O’Farrell drags chain on community sector pay rise

THE NSW government will still not say how much it will contribute towards a historic pay rise for mostly female community sector workers, after the federal government committed an extra $1 billion yesterday.

The Premier, Barry O’Farrell, restated his government’s commitment to paying its ”fair share” of the wage rises ordered by Fair Work Australia earlier this year but is yet to commit funds.

The Fair Work Australia decision granted pay rises of between 23 and 45 per cent to 150,000 workers in the community sector, who work in low-paid fields such as disability and family support, youth and social work and aged care. The rises are to be phased in between next December and December 2020.

The Prime Minister, Julia Gillard, used her address to the NSW Labor conference yesterday to announce an extra $1 billion on top of the $2.1 billion already promised.


”As our nation’s first female prime minister, it is hard to convey to you in mere words how proud I am of our actions to close the gender pay gap and achieve pay equity for working women,” she said and challenged state governments to say how much they would contribute.

NSW’s liability has been variously estimated between $600 million and $1 billion.

The Victorian government has indicated it will contribute up to $200 million, while Queensland has allocated $419 million over three years, according to the Australian Services Union, which pursued the case.

But Mr O’Farrell said he and other state leaders had been waiting on the federal government to make clear their commitment and how those funds would be distributed. ”We’ve been waiting six months to get a clear indication from the Commonwealth what they’re putting on the table and all state premiers and territory chief ministers will welcome the fact that the Prime Minister’s now put figures on the table,” he said.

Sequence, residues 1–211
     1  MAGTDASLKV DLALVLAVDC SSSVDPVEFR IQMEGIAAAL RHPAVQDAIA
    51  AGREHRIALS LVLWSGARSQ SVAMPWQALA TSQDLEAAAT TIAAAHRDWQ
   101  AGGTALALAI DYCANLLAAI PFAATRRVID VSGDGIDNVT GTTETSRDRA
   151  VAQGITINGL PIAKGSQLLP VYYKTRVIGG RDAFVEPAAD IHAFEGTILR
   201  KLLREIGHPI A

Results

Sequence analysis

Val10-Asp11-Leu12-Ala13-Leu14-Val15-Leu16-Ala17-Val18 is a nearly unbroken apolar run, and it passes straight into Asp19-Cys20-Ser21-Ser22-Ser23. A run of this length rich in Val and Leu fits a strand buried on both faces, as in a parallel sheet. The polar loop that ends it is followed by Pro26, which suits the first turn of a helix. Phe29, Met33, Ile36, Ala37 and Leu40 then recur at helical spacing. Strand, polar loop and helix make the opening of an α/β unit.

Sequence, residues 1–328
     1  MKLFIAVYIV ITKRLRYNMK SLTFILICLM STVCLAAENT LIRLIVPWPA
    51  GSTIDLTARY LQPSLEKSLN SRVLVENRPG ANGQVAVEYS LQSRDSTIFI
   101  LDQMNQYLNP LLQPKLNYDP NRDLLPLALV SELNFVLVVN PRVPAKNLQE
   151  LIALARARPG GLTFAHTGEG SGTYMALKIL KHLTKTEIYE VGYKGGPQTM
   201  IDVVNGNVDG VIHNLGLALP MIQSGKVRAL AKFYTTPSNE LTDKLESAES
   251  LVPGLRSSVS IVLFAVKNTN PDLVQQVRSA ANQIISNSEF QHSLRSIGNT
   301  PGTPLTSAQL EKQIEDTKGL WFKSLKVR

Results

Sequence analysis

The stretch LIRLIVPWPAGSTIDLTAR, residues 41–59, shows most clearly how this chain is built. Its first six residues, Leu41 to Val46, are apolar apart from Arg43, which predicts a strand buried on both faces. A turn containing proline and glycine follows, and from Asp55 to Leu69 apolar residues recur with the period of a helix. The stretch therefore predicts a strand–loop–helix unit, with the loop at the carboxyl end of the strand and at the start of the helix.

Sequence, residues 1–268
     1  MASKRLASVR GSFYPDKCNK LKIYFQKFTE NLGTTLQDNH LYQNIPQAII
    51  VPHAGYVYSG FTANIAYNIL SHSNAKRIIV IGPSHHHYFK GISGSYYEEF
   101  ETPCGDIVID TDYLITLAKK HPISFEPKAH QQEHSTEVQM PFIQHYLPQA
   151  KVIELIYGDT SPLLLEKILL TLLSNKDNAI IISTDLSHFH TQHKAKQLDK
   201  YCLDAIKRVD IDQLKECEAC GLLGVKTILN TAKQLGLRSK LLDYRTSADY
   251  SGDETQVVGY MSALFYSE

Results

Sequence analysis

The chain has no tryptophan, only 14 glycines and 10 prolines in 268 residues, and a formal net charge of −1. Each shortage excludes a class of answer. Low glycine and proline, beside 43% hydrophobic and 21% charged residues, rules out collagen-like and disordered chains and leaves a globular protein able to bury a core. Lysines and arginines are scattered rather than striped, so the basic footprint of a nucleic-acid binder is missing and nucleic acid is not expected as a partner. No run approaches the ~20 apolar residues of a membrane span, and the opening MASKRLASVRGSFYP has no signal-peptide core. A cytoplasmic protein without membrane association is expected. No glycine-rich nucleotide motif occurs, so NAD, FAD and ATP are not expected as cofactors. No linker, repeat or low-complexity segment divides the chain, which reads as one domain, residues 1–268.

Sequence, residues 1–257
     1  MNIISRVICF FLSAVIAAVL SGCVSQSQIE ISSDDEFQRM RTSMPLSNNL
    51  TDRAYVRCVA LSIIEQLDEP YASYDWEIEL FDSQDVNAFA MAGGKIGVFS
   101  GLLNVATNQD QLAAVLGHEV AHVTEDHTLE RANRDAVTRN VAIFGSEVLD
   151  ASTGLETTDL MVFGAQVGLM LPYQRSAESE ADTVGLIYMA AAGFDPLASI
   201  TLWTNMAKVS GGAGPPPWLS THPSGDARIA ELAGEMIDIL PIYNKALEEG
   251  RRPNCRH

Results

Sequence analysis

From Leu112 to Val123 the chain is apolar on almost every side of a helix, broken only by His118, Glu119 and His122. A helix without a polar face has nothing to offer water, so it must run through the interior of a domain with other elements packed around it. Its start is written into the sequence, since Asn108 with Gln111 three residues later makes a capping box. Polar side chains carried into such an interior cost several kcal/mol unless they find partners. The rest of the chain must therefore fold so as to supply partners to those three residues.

No funds were allocated in the 2012-13 state budget for the rises but Mr O’Farrell said the government was committed to funding its ”fair share” and that contingency measures could be put in place.

The state secretary of the Australian Services Union, Sally McManus, said the Premier’s pledge was ”meaningless” until a real dollar figure was mentioned. ”Without the NSW government’s funding, charities and NGOs will be forced to cut services to people with disabilities, the homeless, people with mental illness and victims of domestic violence,” she said.

The federal funding will only be allocated to programs or organisations which are already fully or partially funded by the federal government, with state governments responsible for programs they already fund. In her speech, Ms Gillard outlined what the effect of the wage rise would be for one worker who appeared as a witness in the Fair Work case, a youth worker named Michelle who has degrees in law and youth affairs.

”Today, she is paid just over $50,000 a year,” Ms Gillard said. ”The equal pay decision means that, when fully phased in, Michelle will get a pay rise of almost $18,000 a year.”

About Darin Sullivan (1980 Articles)
Former President of the Fire Brigade Employees’ Union (2009-2018) and a professional firefighter with more than 30 years experience. I live and work on the NSW South Coast, Australia. I am a strong advocate for firefighters and emergency service workers with an interest in mental health issues and caring for those around me. I am a former Director on the NSW Fire Brigades Death and Disability Super Fund and work with charities including ‘The Movember Foundation’. As a leader and activist I have long been active in the campaign for action on climate change. I am a Station Commander in the fire and rescue service in NSW and have 30 years experience fighting fires, both rural and urban. I am passionate about highlighting the impact climate change is having on fire preparedness and fire behaviour in Australia, and the risks associated with inaction on climate change. I am also a spokesperson for the Australian Climate Media Centre.
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